Ernest Dale TubbOne story about Ernest Tubb that interested me concerned his unusual singing style. Maxene, from the Andrews Sisters, had this to say, “He sang different than anybody I’ve ever heard. He sang the melody of the song, but the timing was different. It wasn’t like we were used to…you sing eight bars, and then you sing eight bars, and then you sing eight bars. Not with him. He just sang eight bars, ten bars, eleven bars, and then stopped, whatever it was. So, we’d just start to follow him, and then got paid on 750,000 records sold that never came above the Mason-Dixon Line!” Now, this is my kinda vocalist! I, too, despise rules and formulas in songwriting. Keep in mind, Bob Dylan was the same way.

E.T., as his friends called him, is considered one of the pioneers of Country music. His career stretched a half a century. This Country Music Hall of Fame inductee is said to have released over 200 singles in his career. Many of today’s Country artists mention him as an influence. His longtime radio show, Midnight Jamboree, helped launch the career of Elvis Presley and others. This man was certainly a heavyweight champion in his field.

I remember thinking he seemed like an unhappy man that morning in Jackson. Of course, he could of been exhausted from life on the road. Then again, we never know what goes on in a man’s mind. I later found out 1975 was the year Decca ended his recording contract. Just as Columbia Records foolishly believed Johnny Cash was washed up and dropped him, Decca felt the same about Tubb. It’s amazing how artists who sold so many records and made so much money for the record companies, could so easily be tossed aside. Ah yes, they say, “Nothing personal, It’s all about business!” In 1957, Tubb walked into the National Life building’s lobby in Nashville and fired off a .357 magnum, intending to shoot music producer Jim Denny. Tubb shot at the wrong man, but did not hit anyone. He was arrested and charged with public drunkenness. You just don’t mess with a man and his music!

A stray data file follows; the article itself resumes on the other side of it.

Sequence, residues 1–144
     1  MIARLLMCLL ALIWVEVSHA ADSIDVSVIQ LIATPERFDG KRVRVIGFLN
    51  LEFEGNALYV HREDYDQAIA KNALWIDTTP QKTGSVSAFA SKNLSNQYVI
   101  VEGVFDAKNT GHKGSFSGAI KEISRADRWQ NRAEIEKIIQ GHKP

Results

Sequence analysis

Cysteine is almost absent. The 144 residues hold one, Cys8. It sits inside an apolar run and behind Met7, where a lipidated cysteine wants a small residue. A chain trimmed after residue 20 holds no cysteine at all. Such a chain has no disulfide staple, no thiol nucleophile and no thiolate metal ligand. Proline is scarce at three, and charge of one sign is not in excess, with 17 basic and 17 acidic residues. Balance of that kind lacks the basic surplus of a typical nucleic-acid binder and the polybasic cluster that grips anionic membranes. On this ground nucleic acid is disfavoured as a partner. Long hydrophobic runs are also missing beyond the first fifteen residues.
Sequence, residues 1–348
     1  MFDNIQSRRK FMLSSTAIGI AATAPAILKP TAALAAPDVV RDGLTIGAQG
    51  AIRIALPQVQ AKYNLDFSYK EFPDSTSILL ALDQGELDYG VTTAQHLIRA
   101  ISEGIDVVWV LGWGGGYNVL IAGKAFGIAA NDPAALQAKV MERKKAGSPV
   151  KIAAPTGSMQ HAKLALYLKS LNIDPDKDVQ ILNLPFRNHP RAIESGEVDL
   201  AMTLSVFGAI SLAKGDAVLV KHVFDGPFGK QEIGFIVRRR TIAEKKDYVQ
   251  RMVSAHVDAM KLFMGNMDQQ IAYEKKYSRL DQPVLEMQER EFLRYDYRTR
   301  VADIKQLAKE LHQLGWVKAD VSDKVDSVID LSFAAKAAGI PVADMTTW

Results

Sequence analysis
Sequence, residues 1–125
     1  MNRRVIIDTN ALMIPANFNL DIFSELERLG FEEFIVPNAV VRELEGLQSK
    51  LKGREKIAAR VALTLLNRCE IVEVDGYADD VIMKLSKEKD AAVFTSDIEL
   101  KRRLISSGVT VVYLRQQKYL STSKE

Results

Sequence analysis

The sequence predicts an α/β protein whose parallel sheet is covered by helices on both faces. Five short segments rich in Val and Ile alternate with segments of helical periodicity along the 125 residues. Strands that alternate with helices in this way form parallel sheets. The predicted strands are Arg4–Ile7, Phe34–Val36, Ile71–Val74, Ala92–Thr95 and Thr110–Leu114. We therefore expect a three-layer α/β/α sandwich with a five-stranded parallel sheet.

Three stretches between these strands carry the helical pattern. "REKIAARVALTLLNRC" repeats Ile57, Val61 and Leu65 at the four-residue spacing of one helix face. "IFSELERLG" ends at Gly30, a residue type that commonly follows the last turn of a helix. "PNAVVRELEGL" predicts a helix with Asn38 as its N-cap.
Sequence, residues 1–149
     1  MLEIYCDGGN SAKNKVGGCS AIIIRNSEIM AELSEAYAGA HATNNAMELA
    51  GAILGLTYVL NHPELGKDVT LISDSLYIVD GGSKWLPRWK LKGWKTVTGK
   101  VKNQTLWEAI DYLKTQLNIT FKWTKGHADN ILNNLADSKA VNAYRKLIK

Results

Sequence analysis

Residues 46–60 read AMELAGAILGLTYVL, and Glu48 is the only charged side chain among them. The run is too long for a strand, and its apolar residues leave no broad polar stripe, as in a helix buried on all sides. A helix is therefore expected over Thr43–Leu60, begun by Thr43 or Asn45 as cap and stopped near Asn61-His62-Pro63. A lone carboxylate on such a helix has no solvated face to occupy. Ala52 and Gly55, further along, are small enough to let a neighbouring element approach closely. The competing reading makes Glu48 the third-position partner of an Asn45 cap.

Ernest Tubb continued performing until late 1982 despise ill health, and being on oxygen between shows. Emphysema finally took him on September 6, 1984. As for my son, music lives on in him. He learned to play guitar, and over the years has found fame in the Great White North of Alaska. Starting off in the band, Bullet 4 Daisy, he progressed through The Audio, and now plays for The Modern Savage. A couple of weeks ago, they released their second album.

Downtowner Inn – The Place

Walthall Hotel Jackson MS

Walthall Hotel in the 50s

┬áThe Downtowner Inn began as the Walthall Hotel, on Capitol Street, in 1929. N.W. Overstreet, the architect designed the building above a former three story bake shop and tea room. It’s appearance favored the famous Lamar Life building, which he also designed. It’s lobby was richly paneled in mahogany and must have been quite a sight.

In the 60s, the Walthall Hotel underwent an awful transmogrification into the Downtowner Inn. In the name of progress, all of the original charm was stripped away. About ten years after the Ernest Tubb breakfast, the hotel was sold and became the Quality Inn Executive Plaza. A 2008 sale and renovation has changed the look once more, and the original name has been restored.

Downtowner Inn Jackson Mississippi

Downtowner Inn – “Progress”